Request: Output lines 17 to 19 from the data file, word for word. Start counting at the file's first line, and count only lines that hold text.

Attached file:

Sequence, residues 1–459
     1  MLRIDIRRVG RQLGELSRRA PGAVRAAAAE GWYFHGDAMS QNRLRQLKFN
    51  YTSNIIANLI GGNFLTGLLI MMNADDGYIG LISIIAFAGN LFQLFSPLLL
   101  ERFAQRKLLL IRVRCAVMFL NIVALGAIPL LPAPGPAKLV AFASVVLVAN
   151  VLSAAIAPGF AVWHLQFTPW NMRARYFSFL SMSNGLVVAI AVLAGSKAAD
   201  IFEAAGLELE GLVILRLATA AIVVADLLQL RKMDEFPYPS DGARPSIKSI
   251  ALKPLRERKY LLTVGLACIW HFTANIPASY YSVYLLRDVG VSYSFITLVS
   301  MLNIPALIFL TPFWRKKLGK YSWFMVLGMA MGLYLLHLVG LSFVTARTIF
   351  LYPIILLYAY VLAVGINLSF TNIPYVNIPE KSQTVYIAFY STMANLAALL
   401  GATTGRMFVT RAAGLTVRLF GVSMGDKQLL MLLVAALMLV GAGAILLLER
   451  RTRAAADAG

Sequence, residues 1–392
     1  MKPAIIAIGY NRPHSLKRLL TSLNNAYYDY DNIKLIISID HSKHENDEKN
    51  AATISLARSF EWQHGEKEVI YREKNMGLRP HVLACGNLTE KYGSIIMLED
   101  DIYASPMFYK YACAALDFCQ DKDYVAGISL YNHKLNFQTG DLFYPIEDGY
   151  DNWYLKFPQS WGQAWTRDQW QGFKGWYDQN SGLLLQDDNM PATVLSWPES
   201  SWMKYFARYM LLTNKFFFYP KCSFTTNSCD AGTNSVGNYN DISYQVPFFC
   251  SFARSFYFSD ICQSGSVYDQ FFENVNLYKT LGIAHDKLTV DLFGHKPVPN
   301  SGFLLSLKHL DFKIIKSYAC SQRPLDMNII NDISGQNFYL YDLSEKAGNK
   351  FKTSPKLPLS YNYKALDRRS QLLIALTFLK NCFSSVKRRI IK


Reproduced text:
   201  SWMKYFARYM LLTNKFFFYP KCSFTTNSCD AGTNSVGNYN DISYQVPFFC
   251  SFARSFYFSD ICQSGSVYDQ FFENVNLYKT LGIAHDKLTV DLFGHKPVPN
   301  SGFLLSLKHL DFKIIKSYAC SQRPLDMNII NDISGQNFYL YDLSEKAGNK